Built as early as the 15th century the Tagus River saltpans continued to be explored until early 20th century. Nowadays, these are in most cases abandoned and the walls suffered great erosion and subsequent destruction. Without the proper supervision the stone boulders are widely visible and small sherds of tin glazed pottery, redwares, porcelain, Italian majolica, glass, ceramic pipes, and many other ceramic objects are outcropping to the surface. These are fundamental in understanding when these saltpans were constructed and how these were maintained over time, a period which ranges from the Middle Ages to a contemporary chronology. Saltpans in the Tagus estuary are known to exist at least since the Roman period. Fish products were one of the main activities of this area and salt is fundamental in its production . At least since the Middle Ages saltpans were built by raising earth clay walls and creating square “tanks” where the salted water would evaporate. To increase the building strength of those clay walls medium sized stones and ceramic sherds were mixed into the clay. These materials ensure construction workability and contribute to improve the structural resistance of the saltpans’ walls, also allowing the circulation of people and carts so the salt could be recollected. Due to the proximity of Lisbon, one of the major production centers of various types of ceramics objects in medieval and early modern age, most ceramic sherds used in saltpans’ construction were produced in Lisbon. Although this paper focuses on tin glaze wares, the ceramics found within the saltpans’ walls are variable. Coarse wares and lead glazed wares produced in the Tagus estuary area, as well as imported objects from China and other European countries are also found.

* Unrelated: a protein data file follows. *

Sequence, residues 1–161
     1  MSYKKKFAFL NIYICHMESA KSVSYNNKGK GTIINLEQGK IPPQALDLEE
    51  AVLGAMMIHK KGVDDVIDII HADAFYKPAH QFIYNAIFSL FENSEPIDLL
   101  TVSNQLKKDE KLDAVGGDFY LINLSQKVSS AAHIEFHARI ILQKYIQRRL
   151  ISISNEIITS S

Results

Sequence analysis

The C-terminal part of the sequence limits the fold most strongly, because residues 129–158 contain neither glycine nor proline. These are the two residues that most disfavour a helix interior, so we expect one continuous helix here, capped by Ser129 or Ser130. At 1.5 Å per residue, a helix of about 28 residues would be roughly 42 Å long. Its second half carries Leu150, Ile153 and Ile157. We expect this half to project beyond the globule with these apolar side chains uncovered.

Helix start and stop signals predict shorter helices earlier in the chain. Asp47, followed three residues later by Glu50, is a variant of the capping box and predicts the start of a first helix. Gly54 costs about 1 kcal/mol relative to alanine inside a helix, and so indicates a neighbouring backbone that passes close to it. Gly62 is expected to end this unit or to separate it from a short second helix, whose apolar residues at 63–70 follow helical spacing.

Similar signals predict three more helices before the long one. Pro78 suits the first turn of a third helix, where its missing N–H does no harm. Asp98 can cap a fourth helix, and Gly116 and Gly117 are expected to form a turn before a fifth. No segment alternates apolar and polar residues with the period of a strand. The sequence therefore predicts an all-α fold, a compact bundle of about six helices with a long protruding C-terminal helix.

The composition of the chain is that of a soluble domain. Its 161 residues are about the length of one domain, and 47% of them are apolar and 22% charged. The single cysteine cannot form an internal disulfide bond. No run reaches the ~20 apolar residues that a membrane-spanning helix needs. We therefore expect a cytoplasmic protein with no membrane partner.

The sherds used in the consolidation of the saltpans’ walls seem to originate not directly from workshops but from domestic garbage. Lisbon ceramics were widely consumed all over the country and especially in the River Tagus area. The variability of the collection with different types of quality, decorations and forms over a long period of times suggests its origin from boulders assemblages. It is an interesting debate trying to understand how these were taken into the saltpans area since no dwellings exist nearby. These may have come from the nearby villages of Montijo or Barreiro or most likely from Lisbon. The transport of domestic garbage from Lisbon into the south margins of the river, getting rid of the undesirable waste, is a well-known practice since medieval times.
Archaeologists from Moita municipality often monitor the saltpans’ erosion and recover the ceramic fragments used in the saltpans construction. Figure 2 shows a schematic map indicating the location of the referred saltpans (6 and 7), main villages around the saltpans and Lisbon city itself. Also the location of several clay sources and kilns North and South of Tagus River (in use from the 16th to the early 18th centuries) is pointed .